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Environmental issues in Kuwait

The environmental issues in Kuwait have become the focus of attention for state authorities dealing with industrial, research, scientific, and health related aspects. Environmental awareness in Kuwait is limited. One of the major problems in Kuwait is littering, and coupled with the inflated percentage of waste production, a dramatic deterioration of land is inevitable which is noticeable in some of the residential streets in Kuwait. Many people, despite having affluent backgrounds or good education, nonetheless have a careless attitude towards waste disposal and littering which occurs on a daily basis.

The amount of municipal waste being generated per capita is almost 1.4 kg per day. This is an extremely high number, according to international standards, and in comparison with the international average of 1 kg, Kuwait has some way to go in educating and creating awareness among the wider population about the importance of protecting the environment.

Air pollution is on the increase due to the sandstorms, increased traffic levels, and the emissions from local oil refineries and oil wells. Air quality is continually recorded by the six monitoring stations located throughout the country.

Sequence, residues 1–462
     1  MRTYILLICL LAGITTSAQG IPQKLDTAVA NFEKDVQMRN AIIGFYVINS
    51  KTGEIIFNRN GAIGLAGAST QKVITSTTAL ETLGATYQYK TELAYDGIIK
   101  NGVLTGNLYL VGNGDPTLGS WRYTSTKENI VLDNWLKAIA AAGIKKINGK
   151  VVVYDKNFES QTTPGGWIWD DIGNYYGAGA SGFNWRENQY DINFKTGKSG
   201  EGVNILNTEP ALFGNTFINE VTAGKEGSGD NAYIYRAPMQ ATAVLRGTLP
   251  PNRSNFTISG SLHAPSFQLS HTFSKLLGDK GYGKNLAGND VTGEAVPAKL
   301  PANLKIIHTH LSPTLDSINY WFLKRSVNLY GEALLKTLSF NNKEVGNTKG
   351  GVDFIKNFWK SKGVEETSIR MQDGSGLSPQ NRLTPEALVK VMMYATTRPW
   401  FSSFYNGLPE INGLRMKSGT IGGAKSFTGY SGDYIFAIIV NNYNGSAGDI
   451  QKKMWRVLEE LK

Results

Marine pollution is extremely evident in the form of dumping of various kinds of solid wastes such as industrial, construction, ship wastes and litter that includes unrecyclable plastic and treated and untreated sewage waters in addition to oil leaking from ships and boats.

The incident of fish kill serves as an indicator of pollution or a major imbalance in marine environment due to red tide phenomenon’ resulting from pouring sewage into the sea amidst high temperatures and humidity that eventually led to a lack of oxygen in the water and as a result, the death of fish.

The most alarming environmental danger is mud precipitations that are rich in bacteria that are harmful for both the environment and human beings. They also cause bad odors at the seafront. Dumping non-decomposing substances such as plastic bags and containers, aluminum cans and bottles not only pose environmental threats but also endanger those enjoying the beaches or swimming.

The coral reef islands which support breeding turtles and nesting seabirds have to be protected from heavy visitors, boat fishing or development and pressure from military presence.

Approach to Conservation
There are a number of local organizations that are working hard to protect their natural surroundings and educate the community. Official bodies include ROPME (Regional Organization for the Protection of the Marine Environment, formerly known as the Kuwait Action Plan), KEPS (Kuwait Environment Protection Society), KISR (Kuwait Institute for Scientific Research) and the KEPA (Environment Public Authority). NGOs actively involved in protecting the environment include the Kuwait Volunteers Centre, Kuwait Diving Team. There is an annual reef clean-up, usually held in September.

Kuwait is party to international agreements on biodiversity, climate change, desertification, endangered species, environmental modification, hazardous wastes, law of the sea (1986) and ozone layer protection, and has signed two treaties prohibiting the development and use of weapons modifying the environment.